I thought that Hamilton's equations could be written like this:


By $q$, I mean the complex function $x+ip$

By $\hat{H}$, I mean the complex function $$\frac{\partial H}{\partial x}+i\frac{\partial H}{\partial p}$$ , where $H$ is the Hamiltonian.

Also, we can have two state functions $j(x,p)$ and $k(x,p)$, such that the function $c(x+ip)=c(q)=j(x,p)+ik(x,p)$ is complex differentiable

Then, $\frac{dc}{dt}=\frac{dc}{dq}\frac{dq}{dt}=-i\frac{dc}{dq}\hat{H}$

The first equation that I wrote looks a lot like the Schrodinger's equation. Is there any connection?

EDIT- Instead of defining $\hat{H}$ to be a sort-of complex gradient of $H$, we can also define a function $F(q)=H(q)+iG(q)$, where $G(q)$ is the Harmonic conjugate of $H(q)$. Then the equation would be $i\frac{dq}{dt}=conjugate(F'(q))$

  • $\begingroup$ The problem with comparing to the TDSE is your RHS is a gradient rather than a Laplacian. The fact $q$ is dependent on the LHS but independent on the RHS adds a further dissimilarity. $\endgroup$
    – J.G.
    Oct 30, 2021 at 14:07
  • $\begingroup$ Related: physics.stackexchange.com/q/495709/2451 $\endgroup$
    – Qmechanic
    Oct 30, 2021 at 17:16
  • $\begingroup$ @J.G. We could change the gradient into a complex derivative of $F(q)$ wrt $q$ by defining a complex differentiable function $F(q)=H(x,p)+iG(x,p)$, where $H(x,p)$ is the Hamiltonian $\endgroup$
    – Rain Deer
    Nov 1, 2021 at 3:10
  • $\begingroup$ @RainDeer That doesn't address my points. The equations you want to compare are so dissimilar it makes no sense to ask whether they have a connection. $\endgroup$
    – J.G.
    Nov 1, 2021 at 7:34
  • $\begingroup$ @J.G. Why are you so rude? Isn't the gradient just the square root of the Laplacian? And it's well-known that Hamilton's equations have a deep connection with QM. I was just wondering if writing the equations this way makes the connection with QM more straightforward. $\endgroup$
    – Rain Deer
    Nov 1, 2021 at 8:42

2 Answers 2


In my opinion, your “complexification” of Hamilton’s equations seems to make cotact with the symplectic geometry formulation of Hamiltonian mechanics. The phase space of a particle on a one-dimensional line, coordinatized by $(x,p)$, can be described in terms of complex variables $a:=(cx+ip)/K$ and $\bar{a}:=(cx-ip)/K$, where $c$ and $K$ are real constants introduced for matching dimensions. In this complexified description, multiplication by $i$ corresponds to “Fourier transform”—changing your Lagrange submanifold. The complex structure is rotating the phase space by $90^\circ$, which is the “unit rotation” generated by the Poisson bivector. So, roughly speaking, your $i$ is a “representation” of the Poisson bivector: $\omega^{\mu\rho}\omega^{\rho\nu} = -\delta^{\mu\nu} \rightsquigarrow ii=-1$. (To be more accurate, we should introduce metric and compose a $(^1_1)$-tensor by combining it with the symplectic form $dp\wedge dx$: $J^\mu{}_\nu = \delta^{\mu\rho} \omega_{\rho\nu} \implies J^\mu{}_\rho J^\rho{}_\nu = -\delta^\mu{}_\nu$.) Also, your “complex gradient” is called the “symplectic gradient” or “Hamiltonian vector fields” in symplectic geometry.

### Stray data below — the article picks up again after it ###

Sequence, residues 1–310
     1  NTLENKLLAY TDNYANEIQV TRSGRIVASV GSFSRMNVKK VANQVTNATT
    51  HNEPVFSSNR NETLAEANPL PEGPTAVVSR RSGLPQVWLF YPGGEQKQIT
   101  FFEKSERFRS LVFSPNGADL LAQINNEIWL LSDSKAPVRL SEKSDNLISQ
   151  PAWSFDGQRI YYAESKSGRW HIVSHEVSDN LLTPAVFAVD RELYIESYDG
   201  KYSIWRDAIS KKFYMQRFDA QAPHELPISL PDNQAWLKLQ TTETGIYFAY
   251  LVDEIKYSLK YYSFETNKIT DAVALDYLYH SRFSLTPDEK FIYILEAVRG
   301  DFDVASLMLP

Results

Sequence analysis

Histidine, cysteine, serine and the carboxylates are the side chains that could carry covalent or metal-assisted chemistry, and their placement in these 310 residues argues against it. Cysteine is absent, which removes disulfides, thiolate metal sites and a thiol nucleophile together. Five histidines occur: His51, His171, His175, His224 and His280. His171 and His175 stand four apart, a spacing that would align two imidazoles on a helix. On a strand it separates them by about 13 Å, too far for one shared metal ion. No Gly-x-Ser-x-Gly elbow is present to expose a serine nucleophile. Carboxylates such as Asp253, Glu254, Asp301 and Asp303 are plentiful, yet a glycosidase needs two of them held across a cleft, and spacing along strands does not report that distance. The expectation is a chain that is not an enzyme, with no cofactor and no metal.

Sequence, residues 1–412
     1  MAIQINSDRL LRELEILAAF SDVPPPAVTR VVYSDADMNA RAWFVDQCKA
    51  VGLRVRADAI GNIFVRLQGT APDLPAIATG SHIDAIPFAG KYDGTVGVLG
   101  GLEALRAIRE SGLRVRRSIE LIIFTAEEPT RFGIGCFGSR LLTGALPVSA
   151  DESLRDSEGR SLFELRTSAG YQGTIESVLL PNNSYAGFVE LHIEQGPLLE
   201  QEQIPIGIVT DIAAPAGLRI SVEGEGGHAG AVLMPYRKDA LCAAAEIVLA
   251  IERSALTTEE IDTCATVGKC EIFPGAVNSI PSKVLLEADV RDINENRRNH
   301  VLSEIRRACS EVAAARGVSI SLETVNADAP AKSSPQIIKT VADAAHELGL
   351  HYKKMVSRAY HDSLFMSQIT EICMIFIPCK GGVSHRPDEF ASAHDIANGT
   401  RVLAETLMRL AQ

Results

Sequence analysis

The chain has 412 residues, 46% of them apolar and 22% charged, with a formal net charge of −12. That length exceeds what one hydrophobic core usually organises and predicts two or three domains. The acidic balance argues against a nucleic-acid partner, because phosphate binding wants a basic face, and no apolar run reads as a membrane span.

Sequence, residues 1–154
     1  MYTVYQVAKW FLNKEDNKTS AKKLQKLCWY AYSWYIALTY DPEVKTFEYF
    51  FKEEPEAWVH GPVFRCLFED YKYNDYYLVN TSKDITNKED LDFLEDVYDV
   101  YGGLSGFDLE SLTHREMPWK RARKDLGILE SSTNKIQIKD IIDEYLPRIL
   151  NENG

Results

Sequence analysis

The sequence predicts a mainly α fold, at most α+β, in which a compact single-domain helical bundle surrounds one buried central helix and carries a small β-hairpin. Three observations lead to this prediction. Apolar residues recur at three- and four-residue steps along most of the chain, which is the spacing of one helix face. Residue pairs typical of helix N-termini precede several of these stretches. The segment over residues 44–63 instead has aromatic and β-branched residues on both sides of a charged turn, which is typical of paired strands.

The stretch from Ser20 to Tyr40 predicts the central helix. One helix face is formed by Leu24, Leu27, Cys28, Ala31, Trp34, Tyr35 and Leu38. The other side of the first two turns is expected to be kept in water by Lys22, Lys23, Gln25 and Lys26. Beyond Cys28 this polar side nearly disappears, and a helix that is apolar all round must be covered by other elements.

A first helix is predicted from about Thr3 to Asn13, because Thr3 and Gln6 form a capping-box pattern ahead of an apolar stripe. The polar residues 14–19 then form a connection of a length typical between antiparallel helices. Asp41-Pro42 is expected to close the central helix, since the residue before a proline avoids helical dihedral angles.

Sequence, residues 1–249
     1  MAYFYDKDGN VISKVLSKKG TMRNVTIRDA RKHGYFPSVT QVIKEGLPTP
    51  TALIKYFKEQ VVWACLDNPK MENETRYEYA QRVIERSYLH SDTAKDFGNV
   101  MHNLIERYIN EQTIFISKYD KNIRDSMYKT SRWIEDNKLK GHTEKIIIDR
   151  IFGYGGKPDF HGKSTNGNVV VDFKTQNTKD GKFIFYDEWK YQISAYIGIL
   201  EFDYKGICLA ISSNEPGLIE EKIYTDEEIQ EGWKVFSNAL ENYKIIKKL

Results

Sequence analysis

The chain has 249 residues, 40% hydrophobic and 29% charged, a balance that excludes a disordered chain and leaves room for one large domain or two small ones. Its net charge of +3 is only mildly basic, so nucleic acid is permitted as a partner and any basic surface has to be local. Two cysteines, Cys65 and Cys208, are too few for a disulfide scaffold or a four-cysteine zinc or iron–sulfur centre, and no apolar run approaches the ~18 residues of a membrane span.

Most notably, this “holomorphic” description is extremely useful and insightful in studying the classical mechanics and the quantum Hilbert space (e.g., Weinberg or Polchinski) of one-dimensional simple harmonic oscillator, namely $c=m\omega$ and $K=\sqrt{2m\hbar\omega}$. In this case, the “$i$” corresponds to $90^\circ$ rotation on the phase space generated by the Hamiltonian flow $\{\,\,\,\,,\hbar\omega\bar{a}a\}$. In this sense, your “complex Hamilton’s equations” do have connections with quantum mechanics, namely Fourier transforming quantum states, quantization in the holomorphic language, coherent states, exploring the classical-quantum correspondence, etc.

If you want more direct connections to Schrodinger equation, I wonder if we can try to associate the $i$ entering in your complex version of $\{\,\,\,\,,\hbar\omega\bar{a}a\}$ and the $i \partial/\partial t$ entering in the time-evolution equation of the wavefunction.

There are also more interesting stories about this. If you are interested, you may want to take a deeper look at “geometric quantization” or quantization on Kahler manifolds.


In your complex rewrite of Hamilton's equations, the LHS has dependent $q$ and independent $t$, while the RHS has dependent $F$ and independent $q$. In the Schrödinger equation, $\psi$ is dependent on both sides. Comparing these is like comparing $y_t=z_y$ to $y_t=y_{xx}$.

Although Hamilton's equations and the TDSE are both equations of motion, they're tricky to compare because the former's phase space coordinates play a different role in $\psi$'s dynamics. To appreciate how and why, it helps to compare the actions $\int L(x,\,\dot{x})dt$ and $\int\left[\frac{i\hbar}{2}(\psi^\ast\psi_t-\psi^\ast_t\psi)-\frac{\hbar^2}{2m}\nabla\psi^\ast\cdot\nabla\psi-\psi^\ast V\psi\right]dtd^3x$; in the latter, $x$ becomes a variable over which we integrate a Lagrangian density.

What we can do, however, is note the classical $iq_t=(F_q)^\ast$ has quantum counterpart $i\langle q\rangle_t=\langle(F_q)^\ast\rangle$. This follows from the TDSE. Similarly, the TDSE implies Newton's second law becomes $\langle p_j\rangle_t=-\langle V_j\rangle$ in Cartesian coordinates.


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